Fan/dom: People, practices, and networks | Transformative Works and Cultures

Popular Romance Project: Archive of Our Own

From audiences sitting in the dark of the theater, to impassioned fans at conventions, there are many ways for us to engage with media. Popular culture inspires our passion, our anger, and sparks public conversation. 

This class explores different ideas about audiences, viewers, and fans. The class will look at a variety of film, television, and digital media texts, including: Hard Days Night, The Blair Witch Project, Battlestar Galactica, and the Harry Potter franchise. We’ll also check out what’s happening on YouTube, play digital games, and look at remix projects like Wizard People Dear Reader

The class asks students to take an active role in discussions by reflecting on their own experiences as viewers and by producing their own creative/critical digital projects in response to different media texts.

more info & registration ]



The Zuckerberg Files

Over the weekend, Michael Zimmer (my advisor!) launched The Zuckerberg Files – “a digital archive of all public utterances of Facebook’s founder and CEO, Mark Zuckerberg.” The archive contains “over 100 full-text transcripts and nearly 50 video files are available for researchers to download, analyze, and scrutinize.”

The project grew out of a conversation Michael, Kate Raynes-Goldie, and I had (over drinks, of course) during the Association of Internet Researchers annual meeting in Gothenberg, Sweden in 2010. At the time, Michael was embroiled in writing about privacy and social networks, Kate was critically engaging with “the Californian ideology”, and I was looking at how Facebook frames its users’ personal information as property (users “own and control” their information). We were all frustrated with how difficult it can be to track down the comments of important figures like Zuckerberg—comments central to our attempts to analyze certain discourses around persons, privacy, and technology.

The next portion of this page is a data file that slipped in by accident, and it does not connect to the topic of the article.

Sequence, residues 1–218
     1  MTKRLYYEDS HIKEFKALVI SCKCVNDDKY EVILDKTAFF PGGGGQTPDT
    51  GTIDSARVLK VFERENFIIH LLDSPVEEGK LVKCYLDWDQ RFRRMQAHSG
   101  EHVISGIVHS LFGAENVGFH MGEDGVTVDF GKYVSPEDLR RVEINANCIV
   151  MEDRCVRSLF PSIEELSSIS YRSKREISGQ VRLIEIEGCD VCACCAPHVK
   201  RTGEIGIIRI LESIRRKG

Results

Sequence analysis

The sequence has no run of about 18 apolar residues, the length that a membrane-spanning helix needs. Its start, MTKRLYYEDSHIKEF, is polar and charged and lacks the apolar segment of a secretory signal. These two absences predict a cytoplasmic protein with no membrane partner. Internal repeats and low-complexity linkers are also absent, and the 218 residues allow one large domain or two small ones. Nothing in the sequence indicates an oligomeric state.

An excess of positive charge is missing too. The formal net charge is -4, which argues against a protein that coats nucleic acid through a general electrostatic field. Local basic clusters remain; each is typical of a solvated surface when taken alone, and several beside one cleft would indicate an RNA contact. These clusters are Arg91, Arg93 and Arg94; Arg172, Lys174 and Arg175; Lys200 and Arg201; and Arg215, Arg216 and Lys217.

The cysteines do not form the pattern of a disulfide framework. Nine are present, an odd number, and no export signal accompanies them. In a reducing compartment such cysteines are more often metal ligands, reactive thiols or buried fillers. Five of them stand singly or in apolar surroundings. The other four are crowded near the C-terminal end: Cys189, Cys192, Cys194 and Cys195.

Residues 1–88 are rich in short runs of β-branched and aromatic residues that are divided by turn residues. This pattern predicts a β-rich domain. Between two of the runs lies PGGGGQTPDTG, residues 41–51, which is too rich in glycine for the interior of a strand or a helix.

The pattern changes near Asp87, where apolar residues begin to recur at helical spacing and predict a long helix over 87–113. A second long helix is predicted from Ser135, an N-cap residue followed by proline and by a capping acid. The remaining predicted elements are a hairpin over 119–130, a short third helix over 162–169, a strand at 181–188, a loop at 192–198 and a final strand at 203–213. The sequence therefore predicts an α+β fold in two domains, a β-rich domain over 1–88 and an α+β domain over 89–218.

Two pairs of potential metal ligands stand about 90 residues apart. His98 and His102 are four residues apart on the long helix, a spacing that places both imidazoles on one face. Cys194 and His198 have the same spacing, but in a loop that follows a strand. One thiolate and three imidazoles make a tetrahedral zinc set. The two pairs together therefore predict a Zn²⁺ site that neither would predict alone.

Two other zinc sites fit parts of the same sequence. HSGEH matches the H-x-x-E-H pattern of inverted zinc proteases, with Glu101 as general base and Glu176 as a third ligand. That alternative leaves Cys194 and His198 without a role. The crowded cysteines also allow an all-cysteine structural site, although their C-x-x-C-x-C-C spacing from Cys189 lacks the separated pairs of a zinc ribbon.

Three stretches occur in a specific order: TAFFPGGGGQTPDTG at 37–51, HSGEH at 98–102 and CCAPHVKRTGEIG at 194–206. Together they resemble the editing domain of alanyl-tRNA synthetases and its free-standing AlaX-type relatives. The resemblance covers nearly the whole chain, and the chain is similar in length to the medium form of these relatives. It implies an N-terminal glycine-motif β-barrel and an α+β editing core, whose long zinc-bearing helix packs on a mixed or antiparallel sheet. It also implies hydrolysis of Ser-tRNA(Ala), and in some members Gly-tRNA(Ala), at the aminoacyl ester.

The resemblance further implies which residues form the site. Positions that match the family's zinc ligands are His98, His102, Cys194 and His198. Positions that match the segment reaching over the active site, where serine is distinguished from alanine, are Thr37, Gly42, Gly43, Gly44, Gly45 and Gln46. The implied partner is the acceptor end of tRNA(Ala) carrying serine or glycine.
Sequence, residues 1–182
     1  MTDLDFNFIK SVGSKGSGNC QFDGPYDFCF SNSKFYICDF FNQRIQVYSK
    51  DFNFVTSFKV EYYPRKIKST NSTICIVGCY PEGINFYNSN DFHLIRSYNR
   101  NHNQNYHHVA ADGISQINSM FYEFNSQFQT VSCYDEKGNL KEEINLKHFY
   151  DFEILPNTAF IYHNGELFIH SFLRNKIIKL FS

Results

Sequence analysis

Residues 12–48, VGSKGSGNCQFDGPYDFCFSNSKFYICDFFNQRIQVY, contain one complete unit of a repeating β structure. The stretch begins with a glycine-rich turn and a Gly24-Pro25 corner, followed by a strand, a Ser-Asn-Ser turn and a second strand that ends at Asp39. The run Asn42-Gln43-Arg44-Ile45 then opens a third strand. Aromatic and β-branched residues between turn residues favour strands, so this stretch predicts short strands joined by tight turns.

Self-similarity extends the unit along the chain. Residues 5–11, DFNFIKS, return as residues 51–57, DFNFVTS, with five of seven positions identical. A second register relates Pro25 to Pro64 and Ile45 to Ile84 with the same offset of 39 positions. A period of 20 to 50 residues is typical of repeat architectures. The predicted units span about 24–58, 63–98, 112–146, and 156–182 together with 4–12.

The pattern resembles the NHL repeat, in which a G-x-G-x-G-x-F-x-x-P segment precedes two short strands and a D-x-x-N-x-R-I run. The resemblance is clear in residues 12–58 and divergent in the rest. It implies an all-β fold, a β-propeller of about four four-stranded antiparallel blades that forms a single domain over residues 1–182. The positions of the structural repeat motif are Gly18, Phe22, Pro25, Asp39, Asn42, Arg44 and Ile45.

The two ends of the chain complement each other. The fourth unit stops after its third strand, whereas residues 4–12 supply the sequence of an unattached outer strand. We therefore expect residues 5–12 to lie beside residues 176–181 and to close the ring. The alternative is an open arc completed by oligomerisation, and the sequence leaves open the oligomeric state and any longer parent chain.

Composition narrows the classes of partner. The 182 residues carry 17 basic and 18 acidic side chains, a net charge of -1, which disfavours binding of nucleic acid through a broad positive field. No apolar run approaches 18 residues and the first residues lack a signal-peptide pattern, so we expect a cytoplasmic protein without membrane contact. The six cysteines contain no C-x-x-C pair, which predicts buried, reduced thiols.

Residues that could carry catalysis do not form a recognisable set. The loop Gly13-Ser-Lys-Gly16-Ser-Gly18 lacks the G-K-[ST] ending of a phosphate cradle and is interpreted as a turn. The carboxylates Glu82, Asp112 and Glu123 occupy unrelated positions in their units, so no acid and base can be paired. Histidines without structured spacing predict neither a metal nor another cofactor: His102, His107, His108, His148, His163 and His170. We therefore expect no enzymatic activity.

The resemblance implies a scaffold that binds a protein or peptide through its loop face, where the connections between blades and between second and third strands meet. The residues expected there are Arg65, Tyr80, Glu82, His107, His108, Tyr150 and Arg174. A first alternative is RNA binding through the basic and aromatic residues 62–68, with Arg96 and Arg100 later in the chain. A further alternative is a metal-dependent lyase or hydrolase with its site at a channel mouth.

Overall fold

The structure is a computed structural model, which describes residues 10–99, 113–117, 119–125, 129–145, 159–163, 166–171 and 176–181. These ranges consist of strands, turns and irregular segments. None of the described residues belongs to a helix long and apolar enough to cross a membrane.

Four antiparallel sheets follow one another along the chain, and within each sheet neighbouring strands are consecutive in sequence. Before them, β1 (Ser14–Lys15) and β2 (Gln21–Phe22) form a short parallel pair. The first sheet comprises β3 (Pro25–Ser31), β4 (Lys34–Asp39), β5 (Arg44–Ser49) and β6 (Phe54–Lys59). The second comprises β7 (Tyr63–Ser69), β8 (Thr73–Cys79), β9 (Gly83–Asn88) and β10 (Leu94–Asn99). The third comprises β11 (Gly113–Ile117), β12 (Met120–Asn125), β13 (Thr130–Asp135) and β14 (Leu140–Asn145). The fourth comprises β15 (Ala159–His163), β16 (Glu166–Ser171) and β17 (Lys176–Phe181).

Of course, this immediately struck us as amusing: we scramble to gather Zuckerberg’s statements for our work while, at the same time, Facebook holds much of our personal information in centralized databases. Wouldn’t it be funny, we thought, if we could turn the tables a bit? More than that, wouldn’t it be immensely useful?

Michael took the idea seriously and set out to build the archive. I’ve not been involved too much since those early conversations (save for the bare bones logo/header I whipped together for the site) but I’ve been hanging around, waiting to see what became of the project.

In light of all that, it’s super exciting to see the reaction the archive has gotten—coverage has ranged from the Chronicle of Higher Ed to Gawker to Ars Technica to Forbes—in just a few short days. If you’re a scholar interested in discourses surrounding privacy, personal information, and social networks, get in touch! Or, if you’re feeling particularly cheeky, you can like it on Facebook!

[The above image comes from – my favorite use of the logo so far.]

I played a small part in this project, as well. Considering it’s an archive that’s restricted to academics, I can’t imagine Michael ever expected this level of mainstream attention. It’s been fun to watch the various angles that reporters have attempted so far. I particularly admire Kashmir Hill’s Forbes piece in which she cleverly gets around her limited access to the full text by analyzing the metadata.

It’s been fun watching news of this spread.


Fifty Shades Of Grey reverses the normal sexual equation, putting a man in a position normally reserved for women: required to be intensely sexual and but open to potential ridicule for it. No actor, male or female, wants to be in that position. Fifty Shades is just a reminder that men have less practice at steeling themselves against the possibility.

Why female pleasure — not sex — is the real taboo on primetime television